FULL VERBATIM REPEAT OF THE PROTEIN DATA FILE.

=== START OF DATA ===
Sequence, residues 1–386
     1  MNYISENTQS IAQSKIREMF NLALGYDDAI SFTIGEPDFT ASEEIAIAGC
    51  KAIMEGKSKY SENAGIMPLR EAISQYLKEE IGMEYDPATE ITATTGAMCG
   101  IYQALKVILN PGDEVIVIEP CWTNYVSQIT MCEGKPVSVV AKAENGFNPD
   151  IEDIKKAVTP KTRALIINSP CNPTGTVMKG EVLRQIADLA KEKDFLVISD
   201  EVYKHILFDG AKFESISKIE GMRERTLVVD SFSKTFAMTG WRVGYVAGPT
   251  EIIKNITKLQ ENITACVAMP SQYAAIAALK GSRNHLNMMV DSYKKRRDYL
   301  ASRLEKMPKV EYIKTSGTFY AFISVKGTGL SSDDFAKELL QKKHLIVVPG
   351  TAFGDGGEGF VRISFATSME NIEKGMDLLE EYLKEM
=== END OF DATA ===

Sequence, residues 1–386
     1  MNYISENTQS IAQSKIREMF NLALGYDDAI SFTIGEPDFT ASEEIAIAGC
    51  KAIMEGKSKY SENAGIMPLR EAISQYLKEE IGMEYDPATE ITATTGAMCG
   101  IYQALKVILN PGDEVIVIEP CWTNYVSQIT MCEGKPVSVV AKAENGFNPD
   151  IEDIKKAVTP KTRALIINSP CNPTGTVMKG EVLRQIADLA KEKDFLVISD
   201  EVYKHILFDG AKFESISKIE GMRERTLVVD SFSKTFAMTG WRVGYVAGPT
   251  EIIKNITKLQ ENITACVAMP SQYAAIAALK GSRNHLNMMV DSYKKRRDYL
   301  ASRLEKMPKV EYIKTSGTFY AFISVKGTGL SSDDFAKELL QKKHLIVVPG
   351  TAFGDGGEGF VRISFATSME NIEKGMDLLE EYLKEM